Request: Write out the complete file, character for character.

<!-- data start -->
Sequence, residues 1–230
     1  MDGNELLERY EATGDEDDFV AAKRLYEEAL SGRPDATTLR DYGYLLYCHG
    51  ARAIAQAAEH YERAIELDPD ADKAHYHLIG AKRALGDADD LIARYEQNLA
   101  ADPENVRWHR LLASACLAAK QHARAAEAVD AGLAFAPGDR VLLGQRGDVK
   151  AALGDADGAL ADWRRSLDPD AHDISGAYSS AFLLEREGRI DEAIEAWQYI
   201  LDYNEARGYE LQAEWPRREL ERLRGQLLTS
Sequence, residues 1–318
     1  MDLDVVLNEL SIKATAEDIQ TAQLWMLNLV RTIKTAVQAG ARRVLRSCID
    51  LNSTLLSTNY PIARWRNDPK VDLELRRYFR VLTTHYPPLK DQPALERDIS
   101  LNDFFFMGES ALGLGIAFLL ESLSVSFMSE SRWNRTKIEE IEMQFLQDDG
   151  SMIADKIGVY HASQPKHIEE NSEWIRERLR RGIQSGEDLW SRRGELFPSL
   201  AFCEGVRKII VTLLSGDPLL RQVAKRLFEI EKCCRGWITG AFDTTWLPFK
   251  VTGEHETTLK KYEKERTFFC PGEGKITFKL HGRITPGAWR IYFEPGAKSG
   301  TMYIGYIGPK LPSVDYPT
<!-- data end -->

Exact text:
Sequence, residues 1–230
     1  MDGNELLERY EATGDEDDFV AAKRLYEEAL SGRPDATTLR DYGYLLYCHG
    51  ARAIAQAAEH YERAIELDPD ADKAHYHLIG AKRALGDADD LIARYEQNLA
   101  ADPENVRWHR LLASACLAAK QHARAAEAVD AGLAFAPGDR VLLGQRGDVK
   151  AALGDADGAL ADWRRSLDPD AHDISGAYSS AFLLEREGRI DEAIEAWQYI
   201  LDYNEARGYE LQAEWPRREL ERLRGQLLTS
Sequence, residues 1–318
     1  MDLDVVLNEL SIKATAEDIQ TAQLWMLNLV RTIKTAVQAG ARRVLRSCID
    51  LNSTLLSTNY PIARWRNDPK VDLELRRYFR VLTTHYPPLK DQPALERDIS
   101  LNDFFFMGES ALGLGIAFLL ESLSVSFMSE SRWNRTKIEE IEMQFLQDDG
   151  SMIADKIGVY HASQPKHIEE NSEWIRERLR RGIQSGEDLW SRRGELFPSL
   201  AFCEGVRKII VTLLSGDPLL RQVAKRLFEI EKCCRGWITG AFDTTWLPFK
   251  VTGEHETTLK KYEKERTFFC PGEGKITFKL HGRITPGAWR IYFEPGAKSG
   301  TMYIGYIGPK LPSVDYPT